By: Jessica Levin
It was a beautiful day outside; the first blush of spring was finally on the horizon with the beautiful Rocky Mountains framing a breathtaking picture. All week, as I pondered my life-changing trip, the temperature in Denver had hovered around 30, but today was different — it was 50 degrees. When I got out of my car, I inhaled the crisp, clean winter air. I couldn’t contain my excitement; it was coursing through my veins. Then I saw a beautiful horse. She is not your “run of the mill” horse; she is not just any horse; she is Penelope!
Penelope is a beautiful and unusual horse. She lives every day with Hereditary Equine Regional Dermal Asthenia (HERDA). HERDA is an inherited collagen deficiency. Researchers have confirmed abnormal skin, tendons, ligaments, heart valves and eyes. Due to persistent wounds, most horses with this genetic disease cannot be ridden or shown competitively and are humanely euthanized.
There’s a similar disease in humans called Ehlers-Danlos Syndrome (EDS). EDS is an inherited connective tissue disorder which affects multiple systems in the body and is caused by a defect in collagen. Collagen is essential as it helps keep bones, joints, muscles, ligaments, blood vessels and organs strong, stable and secure. However, the collagen in people with EDS is more elastic than it should be, which can cause pain, joint dislocation, organ problems, skin ailments and more.
If you were to look at me, you’d never know all the things I struggle with daily. None of it is visible. In fact, I have a couple invisible illnesses which I have endured virtually my entire life, one of which is Ehlers-Danlos Syndrome. Most people look at me and think: “What could possibly be wrong with her?” or “She must be a hypochondriac!” These comments are not only frustrating and hurtful, but they are also things I hear much too often. Even so, I consider myself lucky because I’m not in a wheelchair and I don’t have to walk with a cane. Some other people with EDS have to rely on these assistive devices. However, the excruciating pain I experience can still be debilitating.
Penelope’s owner, Robin Davison, brought her into the snow-covered round pen so that our EDS group could enjoy and marvel at this spectacular mare. I could hear the clicking of her knees as she walked past me, a sound that was all too familiar to me as it’s the very sound that comes from my own painful joints. It’s something I struggle with daily, sometimes requiring braces to help combat the pain. I felt joy, sadness, and hope when I empathized with Penelope.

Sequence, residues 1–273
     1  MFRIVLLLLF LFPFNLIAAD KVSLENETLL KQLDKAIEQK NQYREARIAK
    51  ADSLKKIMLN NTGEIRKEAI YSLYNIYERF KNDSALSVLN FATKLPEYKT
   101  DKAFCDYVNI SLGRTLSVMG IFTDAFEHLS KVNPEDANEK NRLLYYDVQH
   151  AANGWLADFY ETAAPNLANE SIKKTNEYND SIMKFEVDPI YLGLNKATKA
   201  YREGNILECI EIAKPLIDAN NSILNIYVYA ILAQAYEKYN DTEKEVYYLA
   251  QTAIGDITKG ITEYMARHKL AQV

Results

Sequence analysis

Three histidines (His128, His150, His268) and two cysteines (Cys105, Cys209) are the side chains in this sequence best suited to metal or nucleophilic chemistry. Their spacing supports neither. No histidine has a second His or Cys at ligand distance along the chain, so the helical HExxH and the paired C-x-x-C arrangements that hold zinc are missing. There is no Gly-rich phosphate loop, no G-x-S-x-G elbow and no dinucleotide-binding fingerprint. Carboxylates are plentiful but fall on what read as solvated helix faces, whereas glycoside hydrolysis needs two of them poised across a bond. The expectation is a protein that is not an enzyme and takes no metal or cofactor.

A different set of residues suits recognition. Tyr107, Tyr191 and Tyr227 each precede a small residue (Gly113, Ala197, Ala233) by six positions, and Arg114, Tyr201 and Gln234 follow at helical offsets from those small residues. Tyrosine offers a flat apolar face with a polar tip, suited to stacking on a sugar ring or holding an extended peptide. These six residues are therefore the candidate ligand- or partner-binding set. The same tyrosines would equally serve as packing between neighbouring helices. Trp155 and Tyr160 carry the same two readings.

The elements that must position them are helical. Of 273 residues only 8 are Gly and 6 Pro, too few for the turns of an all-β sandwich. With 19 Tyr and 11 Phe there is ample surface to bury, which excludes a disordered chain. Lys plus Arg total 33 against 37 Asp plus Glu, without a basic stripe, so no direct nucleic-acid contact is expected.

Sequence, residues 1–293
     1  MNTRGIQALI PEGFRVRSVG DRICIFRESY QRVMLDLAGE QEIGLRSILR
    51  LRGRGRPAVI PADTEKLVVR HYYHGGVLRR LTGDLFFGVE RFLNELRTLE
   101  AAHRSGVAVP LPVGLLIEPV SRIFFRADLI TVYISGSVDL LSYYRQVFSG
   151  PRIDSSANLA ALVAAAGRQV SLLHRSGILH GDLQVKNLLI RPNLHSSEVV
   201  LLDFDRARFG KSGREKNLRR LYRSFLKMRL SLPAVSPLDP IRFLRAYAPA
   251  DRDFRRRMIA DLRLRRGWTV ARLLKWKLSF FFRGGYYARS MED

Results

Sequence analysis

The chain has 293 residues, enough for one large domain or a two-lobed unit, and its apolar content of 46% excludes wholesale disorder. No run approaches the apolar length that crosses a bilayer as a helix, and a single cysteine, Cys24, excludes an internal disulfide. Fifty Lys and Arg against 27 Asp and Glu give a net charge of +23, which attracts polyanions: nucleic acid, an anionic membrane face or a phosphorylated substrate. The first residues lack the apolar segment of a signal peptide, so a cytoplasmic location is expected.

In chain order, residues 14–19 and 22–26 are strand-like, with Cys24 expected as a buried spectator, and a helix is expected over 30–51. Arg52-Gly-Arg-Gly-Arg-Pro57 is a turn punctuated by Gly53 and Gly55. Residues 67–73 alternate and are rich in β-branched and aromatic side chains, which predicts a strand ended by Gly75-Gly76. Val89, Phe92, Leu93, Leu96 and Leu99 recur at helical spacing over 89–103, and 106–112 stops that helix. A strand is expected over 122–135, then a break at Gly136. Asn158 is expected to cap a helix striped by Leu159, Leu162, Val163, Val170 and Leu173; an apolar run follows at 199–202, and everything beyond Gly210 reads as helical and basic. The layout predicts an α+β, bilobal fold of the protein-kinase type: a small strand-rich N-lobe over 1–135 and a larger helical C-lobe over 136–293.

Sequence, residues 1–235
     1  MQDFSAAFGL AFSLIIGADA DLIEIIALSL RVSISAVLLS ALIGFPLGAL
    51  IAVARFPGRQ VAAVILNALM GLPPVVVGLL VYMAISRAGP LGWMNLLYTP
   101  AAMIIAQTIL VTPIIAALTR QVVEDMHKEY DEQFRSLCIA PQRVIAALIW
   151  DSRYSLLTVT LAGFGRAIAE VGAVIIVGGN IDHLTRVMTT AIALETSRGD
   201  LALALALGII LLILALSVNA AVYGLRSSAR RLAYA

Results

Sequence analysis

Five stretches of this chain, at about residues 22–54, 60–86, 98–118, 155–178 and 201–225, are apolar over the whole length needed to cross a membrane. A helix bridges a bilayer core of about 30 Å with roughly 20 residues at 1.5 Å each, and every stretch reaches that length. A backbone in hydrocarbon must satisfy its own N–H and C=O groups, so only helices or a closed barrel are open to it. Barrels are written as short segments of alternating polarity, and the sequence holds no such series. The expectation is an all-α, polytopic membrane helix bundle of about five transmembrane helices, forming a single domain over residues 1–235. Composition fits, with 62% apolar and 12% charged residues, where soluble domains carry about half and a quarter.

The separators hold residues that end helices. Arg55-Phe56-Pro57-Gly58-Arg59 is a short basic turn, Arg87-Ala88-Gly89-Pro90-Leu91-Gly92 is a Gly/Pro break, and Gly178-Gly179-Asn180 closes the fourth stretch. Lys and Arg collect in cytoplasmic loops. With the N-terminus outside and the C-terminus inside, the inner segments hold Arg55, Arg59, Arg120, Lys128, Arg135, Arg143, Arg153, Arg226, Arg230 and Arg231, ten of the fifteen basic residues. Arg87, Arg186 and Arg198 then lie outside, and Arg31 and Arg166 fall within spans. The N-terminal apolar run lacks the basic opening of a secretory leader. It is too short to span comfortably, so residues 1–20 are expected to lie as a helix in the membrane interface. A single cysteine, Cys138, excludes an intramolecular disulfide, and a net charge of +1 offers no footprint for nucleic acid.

Robin pointed out Penelope’s damaged skin. She had scars where a saddle had rubbed her too hard, a long scar on her face from an accident, and a few others from trying to live like a normal horse. One might think: “What’s the big deal about a few scars?” The difference is that Penelope’s skin tears easily and scars worse than other horses. Normally, a horse can wear a saddle and be ridden with little to no complications. This isn’t possible for Penelope because her skin is too fragile. I was so interested in this because I have skin issues caused by EDS. Five years ago, I had laparoscopic surgery, which typically leaves four half-inch scars on the torso. However, I developed huge puffy, painful scars called keloids – another lovely side effect of my EDS. Just then, I started to realize how similar I was to Penelope.
I got to see Penelope’s playful side as well. I couldn’t contain my joy and laughter when I saw Penelope lower herself to the ground, flip onto her back and then roll around in the snow. It was quite possibly the cutest thing I’d ever seen, especially when done by such a large animal. It also reminded me that I still find joy in many different aspects of my life despite all the pain I live with daily.
Abnormal flexibility is a bad thing, because it leads to joint pain. Penelope showed us some of her unusual range of motion by taking treats from different positions. Seeing an animal with unnatural flexibility was fascinating. But then I was struck with a deeper realization: there was another being on this earth that was so very similar to me. I felt like I could understand Penelope’s daily struggles. For example, my joints are so flexible that I can press my thumb flat against my wrist. In addition, my knees have always hyperextended, despite attempts to correct it with physical therapy.
I think the best part of the day was when Robin gave us carrots to feed to her. I loved how her furry lips brushed my hand as she gently ate the carrot that I held in my palm.
Seeing as Penelope is non-verbal, she is very fortunate to have someone like Robin in her life. When Penelope is groomed, it is of the utmost importance to inspect her body from head to tail rather than focus on making her pretty. She also must be watched for any change in behavior, such as lameness, which is caused by more elastic tendons/ligaments that have given Penelope premature arthritis. I feel that I am equally lucky as my family is very supportive and has advocated for me on numerous occasions. Something that most people with EDS find frustrating is how long it takes to get diagnosed. I have been to more doctors than I can count and only two of them actually had an understanding of Ehlers-Danlos Syndrome. The best way to help individuals who struggle with EDS is by raising awareness, in the medical community and in the public at large.
I will never forget my day with Penelope. She not only showed me that I am not alone with this struggle, but that it is still possible to lead a productive and satisfying life. She gave me hope and inspiration.